Elders hope France repatriation deal can be precedent

Rodney Dillon … sees hope.

Indigenous elders have welcomed a new agreement between France and Australia on the repatriation of Indigenous remains.

(Transcript from SBS World News Radio)

Indigenous elders have welcomed a new agreement between France and Australia on the repatriation of Indigenous remains.

They say they hope it sets a precedent for similar agreements with other countries.

Prime Minister Tony Abbott and France's President Francois Hollande signed the agreement in Canberra this week.

Indigenous elders say it will help ensure Indigenous human remains held in French museums are returned to Australia.

Michael Kenny reports.

(Click on the audio tab above to hear the full report)

Tony Abbott and Francois Hollande have agreed to establish a joint expert committee to help identify the origin of Indigenous Australian remains held in France.

Australia and Italy signed a similar agreement in 2009, and remains have also been returned from Britain, Sweden and Austria over recent years.

Palawa elder and Amnesty International campaigner Rodney Dillon has had a long interest in the repatriation of Indigenous remains from overseas collections.

He is a former chairman of the National Reference Group for the Repatriation of Australian Indigenous Remains.

In 2000, as a board member for the Aboriginal and Torres Strait Islander Commission, he successfully pushed for a deal to speed up Indigenous repatriation between Australia and Britain.

Mr Dillon estimates four to five thousand Indigenous Australian remains are held in overseas galleries and museums, mainly in Europe and across the United States.

He hopes the deal with France can set a powerful precedent for similar agreements with other governments on an issue symbolically important to many Indigenous Australians.

"These remains were stolen in the first place. They were taken, and, the people's remains that were taken, they didn't want to be taken. So it's very, very disrespectful the way these were taken in the first place. And I think that the people who have still got our remains around the world are common thieves."

Since 1990, the federal government estimates the remains of about 1,150 Indigenous Australians have been returned to descendants for burial or cremation.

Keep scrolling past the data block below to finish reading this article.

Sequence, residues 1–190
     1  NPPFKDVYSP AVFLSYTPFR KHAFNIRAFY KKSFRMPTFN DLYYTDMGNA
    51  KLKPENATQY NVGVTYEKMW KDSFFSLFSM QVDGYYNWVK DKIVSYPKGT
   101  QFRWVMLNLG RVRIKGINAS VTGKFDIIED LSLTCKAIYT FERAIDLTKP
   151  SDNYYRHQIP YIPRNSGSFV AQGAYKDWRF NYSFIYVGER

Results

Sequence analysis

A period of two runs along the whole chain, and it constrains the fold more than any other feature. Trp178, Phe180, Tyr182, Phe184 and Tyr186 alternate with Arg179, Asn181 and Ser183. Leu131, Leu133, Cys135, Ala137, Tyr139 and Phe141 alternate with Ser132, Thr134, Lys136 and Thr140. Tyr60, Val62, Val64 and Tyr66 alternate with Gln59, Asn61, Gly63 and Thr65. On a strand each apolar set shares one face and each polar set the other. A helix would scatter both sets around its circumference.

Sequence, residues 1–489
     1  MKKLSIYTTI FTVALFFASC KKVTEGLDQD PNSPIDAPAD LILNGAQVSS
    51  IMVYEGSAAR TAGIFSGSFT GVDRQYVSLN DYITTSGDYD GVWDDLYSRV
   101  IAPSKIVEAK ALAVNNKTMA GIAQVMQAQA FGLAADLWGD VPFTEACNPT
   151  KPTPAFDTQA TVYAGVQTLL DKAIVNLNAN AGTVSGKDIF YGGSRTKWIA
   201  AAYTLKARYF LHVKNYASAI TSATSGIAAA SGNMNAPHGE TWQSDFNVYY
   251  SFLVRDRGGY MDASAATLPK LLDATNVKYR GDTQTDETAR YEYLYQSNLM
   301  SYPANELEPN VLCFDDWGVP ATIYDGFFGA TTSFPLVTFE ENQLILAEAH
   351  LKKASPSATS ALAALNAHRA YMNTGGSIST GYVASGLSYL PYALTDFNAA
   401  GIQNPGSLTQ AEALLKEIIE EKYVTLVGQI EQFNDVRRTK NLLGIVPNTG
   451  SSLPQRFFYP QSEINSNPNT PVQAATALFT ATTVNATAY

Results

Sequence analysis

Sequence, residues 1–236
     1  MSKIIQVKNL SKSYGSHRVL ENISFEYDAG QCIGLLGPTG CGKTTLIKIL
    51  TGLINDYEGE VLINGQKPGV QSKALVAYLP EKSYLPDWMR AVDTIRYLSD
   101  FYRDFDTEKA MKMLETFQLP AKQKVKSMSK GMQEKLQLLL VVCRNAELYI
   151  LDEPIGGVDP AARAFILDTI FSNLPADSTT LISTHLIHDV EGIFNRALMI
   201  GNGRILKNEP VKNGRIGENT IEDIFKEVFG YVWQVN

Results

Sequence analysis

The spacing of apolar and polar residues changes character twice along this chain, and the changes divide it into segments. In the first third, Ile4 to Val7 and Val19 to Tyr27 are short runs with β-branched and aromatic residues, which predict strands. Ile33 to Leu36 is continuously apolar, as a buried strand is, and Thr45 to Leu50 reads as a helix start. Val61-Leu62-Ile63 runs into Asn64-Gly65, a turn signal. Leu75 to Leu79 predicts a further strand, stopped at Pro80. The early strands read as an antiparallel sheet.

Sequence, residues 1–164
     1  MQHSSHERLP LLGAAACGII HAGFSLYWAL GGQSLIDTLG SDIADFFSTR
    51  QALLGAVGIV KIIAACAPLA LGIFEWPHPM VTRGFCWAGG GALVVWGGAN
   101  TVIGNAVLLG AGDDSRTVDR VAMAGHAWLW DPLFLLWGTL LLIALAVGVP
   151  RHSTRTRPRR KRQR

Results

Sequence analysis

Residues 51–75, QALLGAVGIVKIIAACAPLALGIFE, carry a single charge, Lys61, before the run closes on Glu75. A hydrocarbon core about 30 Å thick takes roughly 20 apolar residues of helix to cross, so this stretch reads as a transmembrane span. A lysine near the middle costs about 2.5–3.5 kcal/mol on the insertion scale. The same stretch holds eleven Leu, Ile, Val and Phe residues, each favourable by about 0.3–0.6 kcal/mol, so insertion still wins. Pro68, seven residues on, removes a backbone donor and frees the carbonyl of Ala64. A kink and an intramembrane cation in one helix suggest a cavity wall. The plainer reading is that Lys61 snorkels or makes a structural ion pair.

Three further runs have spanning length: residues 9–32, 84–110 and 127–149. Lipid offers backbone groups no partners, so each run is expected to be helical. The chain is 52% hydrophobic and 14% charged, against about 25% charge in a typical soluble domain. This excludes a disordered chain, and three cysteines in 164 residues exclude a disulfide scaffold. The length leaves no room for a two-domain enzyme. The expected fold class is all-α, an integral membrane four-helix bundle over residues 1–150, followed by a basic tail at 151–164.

But the government estimates around 10,000 remains are held in Australian public collections.

Gumulray elder Bob Weatherall has campaigned for the repatriation of Indigenous remains to Traditional Owners for over four decades.

He is currently chairman of the Centre for Indigenous Cultural Policy in Brisbane.

Mr Weatherall believes the government needs to shift more decision making over the repatriation of remains away from bureaucrats and into the hands of Indigenous communities.

"Aboriginal communities have enormous barriers in bringing their ancestors home and laying them to rest. There are remains up in the Kimberly that are sitting in shipment containers. They've been there for over 10 years. There has not been a concerted effort and commitment by Australian governments of all levels to, basically, assist Aboriginal people to alleviate those barriers and to lay their ancestors to rest."

Anthropologist Dr Steve Webb has been involved in research projects on the repatriation of Indigenous Australian remains for over 30 years.

The Bond University lecturer believes some European scientists have been allowed to interfere too much in blocking the return of remains to Traditional Owners.

He says very little scientific research has actually been conducted on the remains and many European collections have been lost because of bombing in the world wars.

Dr Webb has told NITV French scientists now need to take care to ensure Indigenous remains are carefully identified before being returned to Traditional Owners.

"There have been instances and times where non-Aboriginal remains have been returned to Australia because of the lack of expertise over in Europe with regard to identifying these sorts of remains. So I think, before any of this takes place, I think the French collections should be thoroughly inspected, in terms of the true identity of these remains."




Source World News Australia

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